Useless. Sometimes I can convince myself that days I sleep all the way through are spent in my body healing- creating new neuropathways that will help me function healthily when … Continue reading A Bruised Reed
This was the news I had been avoiding getting since the pandemic began. And finally it came. The thing I had been looking forward to for a year was just … Continue reading Coming in a Whisper
Something has been asked of all of us during this pandemic. We’ve been asked to sacrifice our comfort, our routines, our social contact for the sake of something better. We have been asked to do things that we don’t have the proper support to do well (I’m looking at you, learning from home). And I don’t know about you, but sometimes, it feels like it is killing me.
Which reminds me of what Timothy Keller said in his book Counterfeit Gods: “Sometimes God seems to be killing us when He’s actually saving us.”
This testimony has really made me stop and think. You know, most of the day I am not hearing anyone else talking. And so that leaves a lot of room for the voice in my head to speak to me. And let me tell you, that voice does not often follow the guidelines of Ephesians! While words like “You can’t do this”, “Out of control”, or “Failed again” might not be fully formed into sentences, often that is my self-talk it. And that’s not very wholesome talk!
Few directions of God are more targeted to women than the instruction towards godly mentorship. Titus 2:3-5 gives a clear call to mentorship in feminine relationships. Something I suspect is lacking in many women’s lives.
Since my kids have me as a secret-holder, they are able to be more trustworthy friends, the type that can be helpful and loving to those around them. They can build their strengths of standing up for those who are hurting since they aren’t weighed down with heavy secrets. Because I’m holding them.
As I was thinking about this, God reminded me that He is my release valve. The weight of life is too heavy for me to hold. When 1 Peter 5:7 instructs us to cast all our cares upon the Lord, it isn’t because He’ll fix it, but because He cares for us. He will hold the weight of it so we can build our strength to be able to do the things He’s asked us to do. He releases that pressure.
That’s not the model that Hebrews 12 gives, however. It does not instruct me to run with perseverance the race marked out for me fixing my eyes on how much better I’ll be when this discipline is through. It doesn’t remind me that there is so much personal glory in enduring hardship as discipline. On the contrary, I’m instructed to fix my eyes on Jesus, the One Who initiated faith in me and is making it perfect.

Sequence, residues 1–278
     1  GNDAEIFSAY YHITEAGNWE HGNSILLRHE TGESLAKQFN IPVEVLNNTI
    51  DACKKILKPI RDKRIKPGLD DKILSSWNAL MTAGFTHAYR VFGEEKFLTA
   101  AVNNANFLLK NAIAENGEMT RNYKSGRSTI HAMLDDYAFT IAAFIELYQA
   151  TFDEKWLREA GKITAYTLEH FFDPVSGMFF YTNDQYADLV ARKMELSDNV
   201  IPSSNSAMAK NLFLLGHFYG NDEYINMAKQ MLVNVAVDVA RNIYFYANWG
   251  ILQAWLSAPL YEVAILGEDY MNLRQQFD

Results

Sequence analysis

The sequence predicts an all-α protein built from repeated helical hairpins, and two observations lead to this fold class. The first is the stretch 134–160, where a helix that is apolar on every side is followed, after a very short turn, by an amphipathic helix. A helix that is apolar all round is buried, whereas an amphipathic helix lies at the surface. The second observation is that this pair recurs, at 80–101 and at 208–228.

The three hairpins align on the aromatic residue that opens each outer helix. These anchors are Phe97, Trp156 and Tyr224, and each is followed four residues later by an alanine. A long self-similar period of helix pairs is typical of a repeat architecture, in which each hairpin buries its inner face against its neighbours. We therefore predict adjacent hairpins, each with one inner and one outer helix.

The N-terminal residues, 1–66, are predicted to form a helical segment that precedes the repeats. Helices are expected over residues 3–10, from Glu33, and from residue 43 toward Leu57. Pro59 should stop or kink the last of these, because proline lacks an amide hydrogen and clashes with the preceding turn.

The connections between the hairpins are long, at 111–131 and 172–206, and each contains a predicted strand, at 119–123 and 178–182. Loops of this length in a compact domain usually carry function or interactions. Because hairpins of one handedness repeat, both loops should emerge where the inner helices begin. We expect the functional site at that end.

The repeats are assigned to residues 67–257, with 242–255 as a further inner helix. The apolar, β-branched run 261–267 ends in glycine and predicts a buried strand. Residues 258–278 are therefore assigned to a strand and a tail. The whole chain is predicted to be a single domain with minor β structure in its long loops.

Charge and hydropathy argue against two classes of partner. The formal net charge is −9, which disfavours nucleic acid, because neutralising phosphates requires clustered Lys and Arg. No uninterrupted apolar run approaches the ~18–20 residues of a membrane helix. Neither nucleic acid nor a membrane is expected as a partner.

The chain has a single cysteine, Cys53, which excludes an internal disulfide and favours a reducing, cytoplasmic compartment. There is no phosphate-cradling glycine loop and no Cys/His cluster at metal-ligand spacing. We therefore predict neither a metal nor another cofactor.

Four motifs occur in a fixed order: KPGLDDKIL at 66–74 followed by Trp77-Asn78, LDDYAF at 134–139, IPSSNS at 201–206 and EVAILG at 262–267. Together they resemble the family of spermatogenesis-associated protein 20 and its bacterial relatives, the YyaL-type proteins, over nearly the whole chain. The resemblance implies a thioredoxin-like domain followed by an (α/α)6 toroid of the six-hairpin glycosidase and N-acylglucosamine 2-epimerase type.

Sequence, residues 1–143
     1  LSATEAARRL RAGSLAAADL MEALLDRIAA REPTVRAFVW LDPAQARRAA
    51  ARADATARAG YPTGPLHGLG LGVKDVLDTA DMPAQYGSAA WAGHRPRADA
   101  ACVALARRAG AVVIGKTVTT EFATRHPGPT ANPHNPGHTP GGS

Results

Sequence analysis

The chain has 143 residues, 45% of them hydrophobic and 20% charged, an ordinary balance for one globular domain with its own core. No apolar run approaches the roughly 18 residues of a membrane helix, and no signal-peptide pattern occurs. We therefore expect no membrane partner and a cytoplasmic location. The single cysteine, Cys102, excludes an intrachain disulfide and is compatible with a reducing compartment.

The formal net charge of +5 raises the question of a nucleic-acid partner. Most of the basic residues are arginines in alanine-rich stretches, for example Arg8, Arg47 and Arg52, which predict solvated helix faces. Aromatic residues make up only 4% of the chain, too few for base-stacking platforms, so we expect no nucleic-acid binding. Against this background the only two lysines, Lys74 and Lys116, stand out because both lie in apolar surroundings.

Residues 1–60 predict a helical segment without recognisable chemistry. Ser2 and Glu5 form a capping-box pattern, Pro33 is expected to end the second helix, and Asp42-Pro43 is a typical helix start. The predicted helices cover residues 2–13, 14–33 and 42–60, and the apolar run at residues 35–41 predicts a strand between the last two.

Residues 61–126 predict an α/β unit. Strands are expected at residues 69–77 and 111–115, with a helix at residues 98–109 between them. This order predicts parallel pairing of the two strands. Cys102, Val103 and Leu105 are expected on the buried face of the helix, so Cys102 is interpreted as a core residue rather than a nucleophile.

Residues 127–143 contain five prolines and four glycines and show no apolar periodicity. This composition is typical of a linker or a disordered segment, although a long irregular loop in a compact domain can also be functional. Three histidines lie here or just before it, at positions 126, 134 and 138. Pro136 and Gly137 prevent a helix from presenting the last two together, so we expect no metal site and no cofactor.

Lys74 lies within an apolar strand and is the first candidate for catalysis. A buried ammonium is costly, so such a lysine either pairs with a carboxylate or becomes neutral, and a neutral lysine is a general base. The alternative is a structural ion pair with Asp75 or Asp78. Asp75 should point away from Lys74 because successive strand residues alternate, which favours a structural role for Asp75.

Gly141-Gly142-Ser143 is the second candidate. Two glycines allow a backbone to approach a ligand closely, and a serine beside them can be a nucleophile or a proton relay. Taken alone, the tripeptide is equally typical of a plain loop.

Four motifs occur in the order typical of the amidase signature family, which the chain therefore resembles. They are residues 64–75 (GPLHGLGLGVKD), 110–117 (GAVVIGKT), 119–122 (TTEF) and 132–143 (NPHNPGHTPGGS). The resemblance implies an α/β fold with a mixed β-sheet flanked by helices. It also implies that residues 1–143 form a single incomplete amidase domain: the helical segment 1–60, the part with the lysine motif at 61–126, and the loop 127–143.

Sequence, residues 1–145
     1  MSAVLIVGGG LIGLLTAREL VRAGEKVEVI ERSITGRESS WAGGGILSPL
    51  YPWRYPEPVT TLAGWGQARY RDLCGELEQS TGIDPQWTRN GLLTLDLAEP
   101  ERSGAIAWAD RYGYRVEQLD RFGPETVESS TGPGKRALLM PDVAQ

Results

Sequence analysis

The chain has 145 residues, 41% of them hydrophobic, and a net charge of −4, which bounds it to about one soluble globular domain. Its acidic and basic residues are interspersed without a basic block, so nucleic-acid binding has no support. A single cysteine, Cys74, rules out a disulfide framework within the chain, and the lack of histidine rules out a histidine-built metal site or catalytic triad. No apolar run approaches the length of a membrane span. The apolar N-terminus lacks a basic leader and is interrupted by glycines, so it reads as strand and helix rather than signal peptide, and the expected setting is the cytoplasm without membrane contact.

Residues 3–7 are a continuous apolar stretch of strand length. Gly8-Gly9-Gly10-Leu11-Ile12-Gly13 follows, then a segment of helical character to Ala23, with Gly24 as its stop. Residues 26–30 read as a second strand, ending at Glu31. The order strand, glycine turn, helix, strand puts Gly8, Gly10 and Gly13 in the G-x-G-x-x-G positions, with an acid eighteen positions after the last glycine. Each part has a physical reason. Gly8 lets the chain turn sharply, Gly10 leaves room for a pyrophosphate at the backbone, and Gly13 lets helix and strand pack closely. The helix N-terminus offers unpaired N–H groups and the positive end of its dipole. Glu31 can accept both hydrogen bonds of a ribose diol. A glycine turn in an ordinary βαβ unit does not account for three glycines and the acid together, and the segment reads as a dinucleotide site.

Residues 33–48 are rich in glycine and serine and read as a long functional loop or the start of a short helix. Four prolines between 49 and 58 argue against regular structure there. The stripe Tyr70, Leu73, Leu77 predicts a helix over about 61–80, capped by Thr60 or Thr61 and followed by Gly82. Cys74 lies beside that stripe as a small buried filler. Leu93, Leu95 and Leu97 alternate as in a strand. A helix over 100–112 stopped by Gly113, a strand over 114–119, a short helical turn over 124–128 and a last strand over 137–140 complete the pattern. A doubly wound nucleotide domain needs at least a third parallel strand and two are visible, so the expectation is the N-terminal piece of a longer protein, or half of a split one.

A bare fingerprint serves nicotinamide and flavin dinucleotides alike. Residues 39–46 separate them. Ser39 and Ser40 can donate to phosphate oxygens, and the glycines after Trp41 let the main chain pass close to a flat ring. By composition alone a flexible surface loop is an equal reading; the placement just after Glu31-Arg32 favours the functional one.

My Bible study this summer has included a responsive reading of each stanza of Psalm 119. Now, you might approach this psalm like I typically have- the horror of … Continue reading Reflections on Psalm 119: Loving the Truth
Overcoming relational idolatry involves holding loosely to the gift and tightly to the Giver.
I take special solace in this thought about the way He interacted with the disciples’ storm. While He could have stilled it from the remote mountaintop where He saw them straining, He refrained until He had come out to them.
One of the difficult things about illness is that everything I used to protect myself from feelings of worthlessness has been stripped away.
“The Lord is my Shepherd, I shall not want.” I don’t know about you, but I can confidently say that this was one of the first chapters of the Bible … Continue reading Reflections on Psalm 23
This is when the Holy Spirit checked me. He was graciously saying, Who do you think made it turn out okay? He reminded me that things going well were the result of prayer. That He was granting impossible things like patience and energy.
And that I must not belittle prayers just because He answered them